Two weeks after CMS rolled out a proposal to expand MRI coverage options for patients with unapproved implantable devices, researchers in the field are optimistic—but remain critical.
Saman Nazarian, MD, PhD, led one of the handful of recent studies that have proven magnetic resonance imaging (MRI) screenings to be safe for heart patients with implanted pacemakers or cardioverter defibrillators. He was “delighted” to hear that CMS was loosening its grip on implant-dependent patients, he told Cardiovascular Business, but the proposal doesn’t fix everything.
“Our work was meant to provide access to patients for a necessary exam, which it accomplished directly for 1,509 patients by enrolling them in the safety study and indirectly for many more patients by providing safety data for CMS,” he said. “Hopefully the data will also be used to relax the restrictions further. Based on our work, the proposed continued restriction for pacemaker-dependent patients is unnecessary.”
Prior to Jan. 11’s proposal, patients fitted with defibrillators and pacemakers were restricted from MRI coverage under Medicare and Medicaid policies. Nazarian said he and his colleagues’ work, combined with the publication of the MAGNASAFE registry results, the 2017 HRS expert consensus statement on MRI and radiation exposure in patients with implantable devices, and other investigators’ studies probably pushed CMS to make the change.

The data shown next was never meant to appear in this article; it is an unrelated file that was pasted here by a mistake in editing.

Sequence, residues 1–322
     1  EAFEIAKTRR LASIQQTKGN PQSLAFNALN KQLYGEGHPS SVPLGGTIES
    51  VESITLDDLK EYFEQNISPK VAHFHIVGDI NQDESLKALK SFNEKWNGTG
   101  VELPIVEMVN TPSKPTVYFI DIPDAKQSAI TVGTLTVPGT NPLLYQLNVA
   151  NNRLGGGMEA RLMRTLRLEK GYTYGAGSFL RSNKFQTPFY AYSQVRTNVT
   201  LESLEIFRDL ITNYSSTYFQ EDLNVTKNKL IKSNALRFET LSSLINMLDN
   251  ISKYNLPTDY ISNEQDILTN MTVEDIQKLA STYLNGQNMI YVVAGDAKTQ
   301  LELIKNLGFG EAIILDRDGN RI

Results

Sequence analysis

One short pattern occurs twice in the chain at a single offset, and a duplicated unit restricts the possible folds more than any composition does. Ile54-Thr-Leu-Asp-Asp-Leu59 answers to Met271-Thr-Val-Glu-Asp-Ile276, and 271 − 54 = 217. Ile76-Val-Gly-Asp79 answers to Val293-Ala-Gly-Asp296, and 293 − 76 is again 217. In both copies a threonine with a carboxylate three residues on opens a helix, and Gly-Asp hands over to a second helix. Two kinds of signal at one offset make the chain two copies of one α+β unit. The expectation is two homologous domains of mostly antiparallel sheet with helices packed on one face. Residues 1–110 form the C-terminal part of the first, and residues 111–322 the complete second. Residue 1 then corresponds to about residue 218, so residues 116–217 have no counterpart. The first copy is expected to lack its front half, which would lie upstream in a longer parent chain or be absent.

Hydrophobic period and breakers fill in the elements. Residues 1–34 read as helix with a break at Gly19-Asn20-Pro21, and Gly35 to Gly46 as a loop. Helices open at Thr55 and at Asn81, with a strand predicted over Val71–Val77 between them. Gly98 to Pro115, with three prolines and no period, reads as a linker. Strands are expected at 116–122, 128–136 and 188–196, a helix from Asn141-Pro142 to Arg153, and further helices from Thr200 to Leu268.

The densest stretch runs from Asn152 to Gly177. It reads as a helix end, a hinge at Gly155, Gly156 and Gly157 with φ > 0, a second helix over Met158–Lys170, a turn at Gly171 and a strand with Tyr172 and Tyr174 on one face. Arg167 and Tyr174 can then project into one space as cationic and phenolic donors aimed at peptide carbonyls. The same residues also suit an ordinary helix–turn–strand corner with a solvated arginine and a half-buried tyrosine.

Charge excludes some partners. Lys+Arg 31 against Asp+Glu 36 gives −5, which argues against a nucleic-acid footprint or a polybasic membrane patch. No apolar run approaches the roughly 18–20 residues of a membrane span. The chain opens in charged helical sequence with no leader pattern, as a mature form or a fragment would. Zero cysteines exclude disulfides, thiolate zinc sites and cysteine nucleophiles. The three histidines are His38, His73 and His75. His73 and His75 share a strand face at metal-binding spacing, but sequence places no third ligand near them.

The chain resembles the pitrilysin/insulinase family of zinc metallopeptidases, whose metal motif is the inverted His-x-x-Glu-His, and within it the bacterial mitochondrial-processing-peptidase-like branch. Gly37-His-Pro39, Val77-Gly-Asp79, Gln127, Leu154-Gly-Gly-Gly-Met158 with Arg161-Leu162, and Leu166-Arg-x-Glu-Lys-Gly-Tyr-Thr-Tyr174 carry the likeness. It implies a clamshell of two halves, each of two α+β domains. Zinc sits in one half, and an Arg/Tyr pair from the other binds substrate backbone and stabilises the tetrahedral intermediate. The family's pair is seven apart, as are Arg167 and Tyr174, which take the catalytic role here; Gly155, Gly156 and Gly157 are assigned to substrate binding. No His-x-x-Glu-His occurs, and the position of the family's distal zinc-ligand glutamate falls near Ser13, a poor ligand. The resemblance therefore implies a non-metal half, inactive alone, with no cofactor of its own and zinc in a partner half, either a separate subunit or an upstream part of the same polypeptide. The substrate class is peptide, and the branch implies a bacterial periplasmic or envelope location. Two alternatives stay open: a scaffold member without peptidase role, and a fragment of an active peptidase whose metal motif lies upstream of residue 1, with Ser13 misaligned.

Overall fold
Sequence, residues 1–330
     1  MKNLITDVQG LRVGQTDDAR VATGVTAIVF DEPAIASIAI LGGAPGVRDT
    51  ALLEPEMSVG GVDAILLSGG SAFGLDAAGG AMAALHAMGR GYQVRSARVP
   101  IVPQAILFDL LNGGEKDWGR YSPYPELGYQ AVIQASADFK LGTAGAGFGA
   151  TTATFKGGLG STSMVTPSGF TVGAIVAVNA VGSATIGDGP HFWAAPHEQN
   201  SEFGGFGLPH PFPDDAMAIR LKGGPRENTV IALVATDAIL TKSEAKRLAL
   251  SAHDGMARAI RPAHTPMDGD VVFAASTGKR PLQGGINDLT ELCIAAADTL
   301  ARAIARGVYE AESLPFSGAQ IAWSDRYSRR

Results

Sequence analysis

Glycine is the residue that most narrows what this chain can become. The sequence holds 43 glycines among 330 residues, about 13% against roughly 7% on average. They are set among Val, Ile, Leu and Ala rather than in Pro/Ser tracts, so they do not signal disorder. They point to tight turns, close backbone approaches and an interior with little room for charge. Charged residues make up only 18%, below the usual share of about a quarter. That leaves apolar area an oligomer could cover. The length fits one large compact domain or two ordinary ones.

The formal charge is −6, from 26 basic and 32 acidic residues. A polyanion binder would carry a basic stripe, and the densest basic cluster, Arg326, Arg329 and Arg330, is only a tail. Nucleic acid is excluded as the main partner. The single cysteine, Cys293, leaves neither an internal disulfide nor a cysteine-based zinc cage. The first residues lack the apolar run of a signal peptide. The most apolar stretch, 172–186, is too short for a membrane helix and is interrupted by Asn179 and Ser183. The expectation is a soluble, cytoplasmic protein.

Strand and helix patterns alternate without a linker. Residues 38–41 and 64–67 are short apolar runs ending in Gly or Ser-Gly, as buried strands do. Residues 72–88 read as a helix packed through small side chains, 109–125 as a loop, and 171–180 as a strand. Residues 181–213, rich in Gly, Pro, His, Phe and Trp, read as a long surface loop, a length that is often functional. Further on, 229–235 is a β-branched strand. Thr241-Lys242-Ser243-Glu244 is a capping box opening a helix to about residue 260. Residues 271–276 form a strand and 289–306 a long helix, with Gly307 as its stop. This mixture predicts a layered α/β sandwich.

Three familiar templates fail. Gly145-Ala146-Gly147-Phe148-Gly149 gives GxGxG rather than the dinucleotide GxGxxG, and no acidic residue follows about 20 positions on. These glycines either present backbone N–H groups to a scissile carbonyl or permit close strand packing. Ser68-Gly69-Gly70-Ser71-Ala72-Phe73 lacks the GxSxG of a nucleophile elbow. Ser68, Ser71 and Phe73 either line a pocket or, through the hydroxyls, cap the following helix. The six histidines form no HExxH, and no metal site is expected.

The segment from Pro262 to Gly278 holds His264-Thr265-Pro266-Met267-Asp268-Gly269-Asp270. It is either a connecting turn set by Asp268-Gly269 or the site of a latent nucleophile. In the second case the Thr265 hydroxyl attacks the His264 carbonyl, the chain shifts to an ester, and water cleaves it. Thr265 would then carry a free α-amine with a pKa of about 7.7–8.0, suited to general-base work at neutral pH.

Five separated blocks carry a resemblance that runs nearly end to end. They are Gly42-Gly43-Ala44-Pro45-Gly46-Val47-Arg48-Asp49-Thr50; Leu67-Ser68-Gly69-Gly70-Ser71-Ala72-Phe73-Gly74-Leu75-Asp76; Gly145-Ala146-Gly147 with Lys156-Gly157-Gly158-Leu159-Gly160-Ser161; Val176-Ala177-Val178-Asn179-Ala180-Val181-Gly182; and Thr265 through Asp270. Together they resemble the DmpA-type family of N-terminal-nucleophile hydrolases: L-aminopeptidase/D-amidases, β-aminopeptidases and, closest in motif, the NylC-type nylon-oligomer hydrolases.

“I do believe the proposal will be successful and am confident that it will not only save patients from many unnecessary tests, including ultrasounds, CT scans, painful myelograms, etc., but also from delayed diagnoses and misdiagnoses, and ultimately lead to better and more efficient care,” he said.
Still, according to the CMS proposal, officials are still restricting access to MRI coverage in pacemaker-dependent patients and those with recent implants. Nazarian said the former rule was superfluous; he and his colleagues’ work alone included 130 pacemaker-dependent patients, none of whom had any significant safety issues during the trial.
The latter recommendation, too, is based on misinformation, he said.
“There is a misconception that the magnetic force of MRI could dislodge freshly implanted leads that are not yet attached to cardiac tissue,” he said. “In fact, the leads do not contain any materials that would experience force or torque during the MRI and could not conceivably be dislodged because of a scanner effect.”
Pacemaker and defibrillator generators and batteries do contain materials that would react to magnetic force, Nazarian explained, but the extent of force or torque would fall below the threshold needed to cause movement underneath the skin.
“Outside of a study setting, there is no reason to restrict access to patients with recent pacemaker or ICD implants,” he said.
CMS is accepting comments on its proposed policy changes through Feb. 10.